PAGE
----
Wednesday, July 4, 2012

Return to Gunung Jagoi - part 2 (June 2012)

Here are more photos as promised! Halfway up the mountain it appeared as if it would rain and we actually thought about turning around but decided to carry on since we were already so close to the abandoned village.

The sky cleared up by the time we got there, giving us a pretty nice view at the northern view point. But halfway down, rain approached from the south and we were stuck for a while in one of the newly built shelters! If it wasn’t for that rest hut, we would have been drenched.

Click here for part 1. 

The last set of photos will be posted in part 3 (15 photos each part). Also, be sure to check out my 2009 Mount Jagoi post here (click). 

There’s a herbal garden here? I’ve been down this trail before and it led to someone’s farm. We wondered what they meant by “herbal garden” cause there were plenty of herbs all along the trail. Is this a new garden where herbs of all kinds are planted in one spot for educational purposes or? Wish they indicated how far the garden was from this signboard, or is that shady patch of forest supposed to be it? We found nothing of interest there, just more of the same herbs and plants found elsewhere along the trail.

This is the third rest hut along the trail. The concrete stairs that lead up to the abandoned village begin here.

“Ayak Bikubu” - No idea what it means.

Concrete steps that lead up to the abandoned village near the summit.

Look what I found on one of the concrete stairs!

The stairs are not that steep but there are many steps!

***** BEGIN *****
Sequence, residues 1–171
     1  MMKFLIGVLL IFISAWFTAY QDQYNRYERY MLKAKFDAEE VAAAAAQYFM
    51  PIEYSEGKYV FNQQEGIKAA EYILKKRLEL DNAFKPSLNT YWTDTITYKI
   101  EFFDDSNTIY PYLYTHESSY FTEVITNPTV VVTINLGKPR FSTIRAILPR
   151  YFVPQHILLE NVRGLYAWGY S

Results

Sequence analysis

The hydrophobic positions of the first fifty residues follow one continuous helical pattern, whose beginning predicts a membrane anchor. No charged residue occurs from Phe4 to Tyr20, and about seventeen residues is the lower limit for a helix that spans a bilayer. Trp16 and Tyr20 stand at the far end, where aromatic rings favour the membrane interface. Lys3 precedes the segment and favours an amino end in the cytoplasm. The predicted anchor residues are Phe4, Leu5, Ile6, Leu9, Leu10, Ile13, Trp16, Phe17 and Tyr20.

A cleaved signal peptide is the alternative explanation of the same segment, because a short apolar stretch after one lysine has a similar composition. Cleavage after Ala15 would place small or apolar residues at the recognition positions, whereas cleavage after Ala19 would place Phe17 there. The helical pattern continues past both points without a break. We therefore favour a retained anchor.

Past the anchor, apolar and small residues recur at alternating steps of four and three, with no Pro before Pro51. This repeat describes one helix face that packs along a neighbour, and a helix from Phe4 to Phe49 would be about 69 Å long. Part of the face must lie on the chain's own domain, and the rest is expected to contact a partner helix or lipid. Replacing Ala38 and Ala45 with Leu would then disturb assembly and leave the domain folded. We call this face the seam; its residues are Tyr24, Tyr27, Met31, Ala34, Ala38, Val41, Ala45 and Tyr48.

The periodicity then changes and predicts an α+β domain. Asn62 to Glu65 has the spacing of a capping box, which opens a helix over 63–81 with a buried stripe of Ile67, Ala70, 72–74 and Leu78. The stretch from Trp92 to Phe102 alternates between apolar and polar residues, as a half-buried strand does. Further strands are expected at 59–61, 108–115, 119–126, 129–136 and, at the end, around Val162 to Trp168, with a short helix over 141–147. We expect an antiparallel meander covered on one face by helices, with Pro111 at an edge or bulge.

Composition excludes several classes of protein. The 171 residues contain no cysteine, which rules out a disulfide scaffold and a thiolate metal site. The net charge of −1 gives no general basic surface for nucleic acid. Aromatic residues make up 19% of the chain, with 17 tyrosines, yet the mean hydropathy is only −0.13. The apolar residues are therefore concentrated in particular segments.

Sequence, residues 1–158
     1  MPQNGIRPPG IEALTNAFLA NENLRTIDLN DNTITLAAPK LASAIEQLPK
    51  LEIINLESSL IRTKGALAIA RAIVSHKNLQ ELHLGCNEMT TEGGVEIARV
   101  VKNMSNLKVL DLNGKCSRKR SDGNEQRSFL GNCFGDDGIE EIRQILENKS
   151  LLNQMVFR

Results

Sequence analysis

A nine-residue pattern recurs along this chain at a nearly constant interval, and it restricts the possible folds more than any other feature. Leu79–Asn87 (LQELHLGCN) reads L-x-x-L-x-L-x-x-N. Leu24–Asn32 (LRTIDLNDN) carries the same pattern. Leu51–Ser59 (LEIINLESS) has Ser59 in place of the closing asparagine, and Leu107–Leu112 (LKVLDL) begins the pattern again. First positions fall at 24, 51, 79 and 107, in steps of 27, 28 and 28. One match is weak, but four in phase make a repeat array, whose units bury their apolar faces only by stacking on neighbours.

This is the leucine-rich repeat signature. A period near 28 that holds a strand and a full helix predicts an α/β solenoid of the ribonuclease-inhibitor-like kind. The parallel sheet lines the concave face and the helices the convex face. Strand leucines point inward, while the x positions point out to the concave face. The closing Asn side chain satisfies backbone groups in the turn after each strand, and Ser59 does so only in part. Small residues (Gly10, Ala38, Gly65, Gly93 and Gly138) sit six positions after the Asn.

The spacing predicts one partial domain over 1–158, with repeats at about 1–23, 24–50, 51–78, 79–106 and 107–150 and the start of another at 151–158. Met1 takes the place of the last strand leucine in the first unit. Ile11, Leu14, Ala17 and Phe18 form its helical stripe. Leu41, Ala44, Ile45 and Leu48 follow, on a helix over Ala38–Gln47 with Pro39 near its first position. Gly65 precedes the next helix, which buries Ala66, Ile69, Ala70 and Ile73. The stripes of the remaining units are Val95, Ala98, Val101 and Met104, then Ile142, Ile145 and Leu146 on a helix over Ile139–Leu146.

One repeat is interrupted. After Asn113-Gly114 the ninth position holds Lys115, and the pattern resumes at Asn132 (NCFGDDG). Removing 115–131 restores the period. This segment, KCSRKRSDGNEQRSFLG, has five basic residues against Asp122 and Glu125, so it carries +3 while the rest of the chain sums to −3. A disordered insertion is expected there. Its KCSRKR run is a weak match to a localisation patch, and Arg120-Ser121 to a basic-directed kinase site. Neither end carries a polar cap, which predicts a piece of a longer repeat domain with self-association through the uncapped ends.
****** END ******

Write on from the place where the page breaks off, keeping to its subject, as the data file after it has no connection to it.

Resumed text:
And here’s one section of the abandoned village, nothing much has changed since my 2009 visit. But it’s apparent the place is cleaned up from time to time.

“Terung pipit” - Solanum species. I’ve got one plant in my backyard but I’ve never tried the fruits which are very small.

I’ve got a picture of this section taken from the same spot in my 2009 post. Try compare the two pictures…

“Belimbing asam” - sour starfruit. Used in sweet and sour dishes such as “ikan asam”.

We met a lady who sitting outside her home while passing through the village. She said she and her sibling were the only ones still staying in the village. She grows her own vegetables and tends to the livestock she keeps (we heard pigs grunting). I asked her about the belimbing asam fruits seen in the above picture, laid out to dry. She said it wasn’t normal practice, she just did it “suka suka” - just for fun, just to see what she can do with them, since she thought it was a pity to let the fruits fall to the ground and go to waste (they’re pretty sour, you can’t just pluck one off the tree and eat it!). It was nice to chat with her for a while, but since it was nearly noon, we bade goodbye and went on our way.

The Bidayuh baruk has been upgraded with a new roof and new walls! Looks really nice now. Compare this photo to the one taken in my 2009 post.


Take the right trail to the summit and northern viewpoint.

Just a few more steps to the highest point on this small mountain…

To be continued in part 3.

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